States such as California, New York, and Massachusetts benefit from qualified talent and access to capital. Many start-up founders are alumni from leading US universities who developed their initial product in partnership with a research lab at their universities. Additionally, the US incubator, accelerator, and investor ecosystem is recognized as one of the most active in the world, thereby attracting start-ups looking for financial and advisory support.
Most of the activity in Europe relates to partnerships. The geographic proximity partially explains this trend, as European utilities typically test energy services in their core market before expanding. Enel is building an EV charging network totalling 2,700 stations in Italy as of October 2017 and plans to nearly double the network capacity by the end of 2018. E.ON partnered with Google to expand Project Sunroof to Germany. Homeowners in selected German cities can purchase solar panels, energy storage, and system management software from E.ON – and the utility guarantees the financial returns estimated by the online tool.
One new trend is the rising number of investments and acquisitions realised with companies based in Europe. The total number of deals concluded in 2015-2017 nearly matches the figure for North America, making Europe an attractive region for start-up activity. This shift is also related to the trend of start-ups building upon successful business deployment in Europe and expanding to North America. Netherlands-based EV charging infrastructure developer EVBox, acquired by ENGIE in 2017, is now expanding to the US.
European utilities’ activity in North America remains focused on investments in, and acquisitions of, Energy Cloud platform companies. In Europe, although the majority of activity still consists of partnerships, an increasing number of investments and acquisitions has occurred over the last few years.
- Some Energy Cloud platforms have benefited from an increased focus by European utilities
DER Integration and Electric Mobility are the leading Energy Cloud platforms, and they experienced increased levels of activity throughout 2015-2017.
Most of the selected European utilities have announced key partnerships, investments, and acquisitions in these two platforms. A 50% increase in the number of announcements was recorded between 2015 and 2017. Activity in the Internet of Things, Transactive Energy, and Telecommunications Networks platforms has been steady, with the most active utilities being Centrica, ENGIE, E.ON, and Innogy. Fewer announcements were made in Smart Cities in 2017 versus the previous two years. Most originated from Enel and ENGIE, which remain pioneers in the platform serving municipalities and local communities.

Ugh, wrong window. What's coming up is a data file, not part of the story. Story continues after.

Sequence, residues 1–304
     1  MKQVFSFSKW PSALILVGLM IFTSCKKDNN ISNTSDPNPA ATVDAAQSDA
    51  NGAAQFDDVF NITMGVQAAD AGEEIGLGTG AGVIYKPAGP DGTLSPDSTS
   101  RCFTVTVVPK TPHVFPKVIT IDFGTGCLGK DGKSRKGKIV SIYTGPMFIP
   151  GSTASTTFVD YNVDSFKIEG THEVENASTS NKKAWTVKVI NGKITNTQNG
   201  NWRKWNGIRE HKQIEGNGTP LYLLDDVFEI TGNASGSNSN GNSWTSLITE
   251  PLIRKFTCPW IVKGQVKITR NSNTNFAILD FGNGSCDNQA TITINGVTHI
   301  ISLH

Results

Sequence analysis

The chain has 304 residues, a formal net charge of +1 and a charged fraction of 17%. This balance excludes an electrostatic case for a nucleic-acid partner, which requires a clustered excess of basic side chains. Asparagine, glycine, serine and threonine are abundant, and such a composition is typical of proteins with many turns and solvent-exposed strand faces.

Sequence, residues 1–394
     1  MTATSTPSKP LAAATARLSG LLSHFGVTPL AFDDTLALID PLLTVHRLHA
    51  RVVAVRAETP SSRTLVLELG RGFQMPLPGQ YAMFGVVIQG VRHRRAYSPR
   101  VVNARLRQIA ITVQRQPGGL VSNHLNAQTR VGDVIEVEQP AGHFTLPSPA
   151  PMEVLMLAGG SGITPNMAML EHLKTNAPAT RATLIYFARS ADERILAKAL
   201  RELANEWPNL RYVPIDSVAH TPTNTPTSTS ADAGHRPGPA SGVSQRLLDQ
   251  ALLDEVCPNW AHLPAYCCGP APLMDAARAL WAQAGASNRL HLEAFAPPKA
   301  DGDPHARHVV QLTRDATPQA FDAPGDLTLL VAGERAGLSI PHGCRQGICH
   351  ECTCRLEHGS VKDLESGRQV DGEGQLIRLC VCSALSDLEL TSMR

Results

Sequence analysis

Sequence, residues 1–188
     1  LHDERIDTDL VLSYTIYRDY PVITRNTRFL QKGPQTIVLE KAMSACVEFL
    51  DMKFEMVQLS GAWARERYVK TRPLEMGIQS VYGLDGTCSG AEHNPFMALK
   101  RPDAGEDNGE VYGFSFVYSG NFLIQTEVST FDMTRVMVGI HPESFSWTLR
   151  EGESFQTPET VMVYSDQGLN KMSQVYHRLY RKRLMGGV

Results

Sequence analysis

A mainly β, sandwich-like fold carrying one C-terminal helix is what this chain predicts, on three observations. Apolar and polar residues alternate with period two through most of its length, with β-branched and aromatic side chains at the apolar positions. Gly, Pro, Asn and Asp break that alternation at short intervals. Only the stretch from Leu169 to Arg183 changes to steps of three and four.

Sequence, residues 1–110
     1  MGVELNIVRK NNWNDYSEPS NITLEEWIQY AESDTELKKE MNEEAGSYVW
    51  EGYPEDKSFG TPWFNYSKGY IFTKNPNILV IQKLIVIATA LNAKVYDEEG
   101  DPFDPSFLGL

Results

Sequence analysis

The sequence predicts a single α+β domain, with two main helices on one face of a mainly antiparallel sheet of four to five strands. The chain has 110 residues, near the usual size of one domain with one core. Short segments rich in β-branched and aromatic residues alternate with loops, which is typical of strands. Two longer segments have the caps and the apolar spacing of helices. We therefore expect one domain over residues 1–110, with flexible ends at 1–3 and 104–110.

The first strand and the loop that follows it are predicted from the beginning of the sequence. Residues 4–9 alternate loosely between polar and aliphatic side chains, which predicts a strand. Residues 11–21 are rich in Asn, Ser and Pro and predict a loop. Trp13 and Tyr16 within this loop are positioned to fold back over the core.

There has been a shift in the activity type by platform. The Electric Mobility platform once consisted almost entirely of partnerships. Utilities would typically sign agreements with car makers and EV supply equipment providers to develop bundled offerings and run pilot programs. In 2017, several investments and acquisitions were announced: Total invested in Xee and OnTruck, ENGIE acquired EVBox, and Enel acquired eMotorWerks.
The race to Energy Cloud platform services has intensified among European utilities. Players building a balanced portfolio across several new energy platforms and multiple geographies are more likely to succeed in a fast-moving industry
This is representative of a platform getting more mature as utilities better understand where the value lies and which companies are the key acquisition targets. The activity in this platform has also intensified because the prospect of electricity as the major transportation fuel is becoming clearer. Several major car makers have announced plans to electrify their vehicle offerings, providing more evidence that the mobility sector is changing rapidly.
Lastly, the number and size of acquisitions have been increasing. The largest deals announced in 2017 are EnerNOC’s acquisition by Enel for $250 million (€210 million) and REstore’s acquisition by Centrica for €70 million. Both companies had established leading positions in the DR markets: EnerNOC in the US and part of Asia Pacific, and REstore in Europe. These deals epitomise the DER Integration platform reaching a critical maturity state. After several years of market consolidation among DR players, some large utilities are buying their way in by acquiring the leading, established players.
The race to Energy Cloud platform services has intensified among European utilities. Players building a balanced portfolio across several new energy platforms and multiple geographies are more likely to succeed in a fast-moving industry. While numerous products and services developed by the new energy platform companies seem promising, not all of them will be successful. Utilities need to strategically select the players that have the most agile talent and can quickly react to market changes and evolving customer needs. Some of the new technologies are prone to disrupt the energy industry. Incumbent utilities should watch market signals and adjust their portfolio of partnerships, investments, and acquisitions accordingly.
Alex Metz specialises in corporate and business strategy for energy companies, focusing on the grid edge. He helps clients develop digital business models leveraging new energy platforms, such as distributed energy resources integration, electric mobility, and transactive energy. He has been mentoring cleantech start-ups through several incubator and venture capital programs. He also helps Europe-based clients navigate the complexities of the North American energy market – and vice versa. Before he joined Navigant, he worked for strategy consultancy Oliver Wyman, the solar division of Total, and electric utility EDF.